HMRC to start issuing Advance Payment Notices (APNs) in respect of tax investigations

If you’re in dispute with HMRC it can now demand an up-front payment of the extra tax it thinks is due.

In what situations can it use these new powers?

What are APNs? Advance payment notices (APNs) are a new weapon in HMRC’s armoury to tackle unfair tax avoidance. APNs allow it to demand payment where it believes a scheme has been used to avoid tax. An APN can apply to most types of tax, including corporation, income and capital gains tax.

Avoidance schemes. The types of scheme HMRC will target range from marketed investment products, such as film partnerships, to any arrangement where it believes the main purpose of which is to reduce a tax bill. This is likely to be the main tool in attacking off shore arrangements going forward.

Conditions. Certain conditions must exist before HMRC is allowed to issue an APN:

1) it must have started an enquiry into the tax return of the person or company using a scheme

2) there must be a tax advantage arising from the scheme; and

3) HMRC has notified you that it believes the arrangement you’ve used involves tax avoidance.

What next? Even if HMRC is yet to prove that an arrangement involves unfair tax avoidance it can issue an APN and demand extra tax which must be paid within 90 days.

Can you appeal? You can make a written objection to an APN within the 90-day period, but only if you believe HMRC hasn’t met one of the three conditions (see above) or that the tax demanded is inaccurate.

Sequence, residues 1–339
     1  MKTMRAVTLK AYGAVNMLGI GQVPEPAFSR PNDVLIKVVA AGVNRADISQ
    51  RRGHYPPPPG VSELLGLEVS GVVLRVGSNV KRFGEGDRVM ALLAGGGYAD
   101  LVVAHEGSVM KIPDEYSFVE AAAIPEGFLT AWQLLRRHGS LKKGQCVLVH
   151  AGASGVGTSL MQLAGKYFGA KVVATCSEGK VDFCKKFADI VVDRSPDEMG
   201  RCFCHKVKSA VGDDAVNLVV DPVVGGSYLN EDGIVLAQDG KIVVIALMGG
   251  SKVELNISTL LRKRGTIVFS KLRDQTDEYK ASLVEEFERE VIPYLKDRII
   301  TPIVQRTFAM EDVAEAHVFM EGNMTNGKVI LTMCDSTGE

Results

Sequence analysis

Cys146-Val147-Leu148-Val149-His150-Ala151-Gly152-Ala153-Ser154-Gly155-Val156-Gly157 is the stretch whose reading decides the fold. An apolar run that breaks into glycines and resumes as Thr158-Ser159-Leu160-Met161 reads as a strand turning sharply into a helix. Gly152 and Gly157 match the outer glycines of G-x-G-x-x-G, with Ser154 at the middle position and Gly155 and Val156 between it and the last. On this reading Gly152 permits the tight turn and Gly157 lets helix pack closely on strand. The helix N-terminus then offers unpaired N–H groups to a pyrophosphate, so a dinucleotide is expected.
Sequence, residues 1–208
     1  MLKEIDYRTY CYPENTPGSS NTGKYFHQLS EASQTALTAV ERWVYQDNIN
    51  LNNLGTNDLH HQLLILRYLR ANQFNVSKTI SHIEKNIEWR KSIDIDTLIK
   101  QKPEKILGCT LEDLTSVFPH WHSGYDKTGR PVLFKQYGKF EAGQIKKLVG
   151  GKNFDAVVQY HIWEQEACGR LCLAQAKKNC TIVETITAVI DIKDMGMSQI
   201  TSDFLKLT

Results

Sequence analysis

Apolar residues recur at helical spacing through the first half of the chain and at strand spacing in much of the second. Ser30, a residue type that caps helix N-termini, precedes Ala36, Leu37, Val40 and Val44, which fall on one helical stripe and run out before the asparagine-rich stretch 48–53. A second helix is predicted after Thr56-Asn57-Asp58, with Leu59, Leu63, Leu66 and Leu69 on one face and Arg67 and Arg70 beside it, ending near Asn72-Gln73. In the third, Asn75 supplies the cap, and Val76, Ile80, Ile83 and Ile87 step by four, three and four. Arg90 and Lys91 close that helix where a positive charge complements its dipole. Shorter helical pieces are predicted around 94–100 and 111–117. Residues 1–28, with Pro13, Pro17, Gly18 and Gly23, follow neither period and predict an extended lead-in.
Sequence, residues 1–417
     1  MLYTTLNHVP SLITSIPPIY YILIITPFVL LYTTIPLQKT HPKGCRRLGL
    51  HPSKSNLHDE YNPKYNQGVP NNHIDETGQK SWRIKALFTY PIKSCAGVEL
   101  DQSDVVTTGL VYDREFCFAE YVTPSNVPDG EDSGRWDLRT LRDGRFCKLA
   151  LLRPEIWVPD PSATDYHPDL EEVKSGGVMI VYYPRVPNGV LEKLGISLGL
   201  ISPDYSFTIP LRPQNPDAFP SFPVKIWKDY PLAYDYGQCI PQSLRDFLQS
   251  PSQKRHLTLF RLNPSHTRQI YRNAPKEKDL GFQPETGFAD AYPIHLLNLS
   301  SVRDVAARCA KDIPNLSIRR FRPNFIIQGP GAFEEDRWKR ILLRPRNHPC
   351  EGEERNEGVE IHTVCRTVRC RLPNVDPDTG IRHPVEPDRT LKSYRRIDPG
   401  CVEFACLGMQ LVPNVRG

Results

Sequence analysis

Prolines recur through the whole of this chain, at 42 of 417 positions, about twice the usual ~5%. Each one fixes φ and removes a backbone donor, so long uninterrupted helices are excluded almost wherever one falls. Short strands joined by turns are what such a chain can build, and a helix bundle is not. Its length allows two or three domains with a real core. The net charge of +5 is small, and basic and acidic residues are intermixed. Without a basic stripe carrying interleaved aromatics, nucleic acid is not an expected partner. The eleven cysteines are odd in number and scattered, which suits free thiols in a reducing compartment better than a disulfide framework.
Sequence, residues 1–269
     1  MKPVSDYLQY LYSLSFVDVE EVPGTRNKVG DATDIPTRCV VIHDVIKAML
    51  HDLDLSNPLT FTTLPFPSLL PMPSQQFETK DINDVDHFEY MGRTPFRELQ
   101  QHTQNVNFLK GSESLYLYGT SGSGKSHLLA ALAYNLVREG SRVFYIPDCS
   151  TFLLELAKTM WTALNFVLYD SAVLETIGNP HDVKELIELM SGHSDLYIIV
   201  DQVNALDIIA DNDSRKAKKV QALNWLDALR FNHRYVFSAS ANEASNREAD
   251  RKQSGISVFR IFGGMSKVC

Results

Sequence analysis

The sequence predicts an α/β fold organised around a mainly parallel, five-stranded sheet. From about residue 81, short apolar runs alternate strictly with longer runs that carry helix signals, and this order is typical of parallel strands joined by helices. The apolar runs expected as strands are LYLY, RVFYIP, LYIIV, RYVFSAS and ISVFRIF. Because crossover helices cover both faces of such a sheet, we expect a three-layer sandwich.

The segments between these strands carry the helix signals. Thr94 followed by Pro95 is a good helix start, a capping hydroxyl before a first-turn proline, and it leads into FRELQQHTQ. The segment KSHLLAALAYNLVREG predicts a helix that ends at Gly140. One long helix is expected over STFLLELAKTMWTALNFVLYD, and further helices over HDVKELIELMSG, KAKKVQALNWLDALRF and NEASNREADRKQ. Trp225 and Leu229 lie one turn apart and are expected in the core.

Retrospective effect. HMRC can issue an APN for avoidance arrangements used in the past and, of course, those you use from now on. HMRC’s intention is clear; it doesn’t want anyone using avoidance arrangements even where they are within the terms of the legislation.

Sapphire Tips The tips that can be drawn from this are:

Tip 1: To demand extra tax HMRC must have started an enquiry into your tax return and indicated that it believes you’ve used a scheme to reduce your tax bill. If the conditions aren’t met, ask for the demand to be withdrawn

Tip 2: If you think a scheme or arrangement is genuinely effective don’t be put off using it, but be prepared to stump up extra tax initially knowing that it could take months or even years to get it back.

Tip 3: Where payment of the disputed tax will cause hardship, you can ask HMRC if it will accept money by instalments.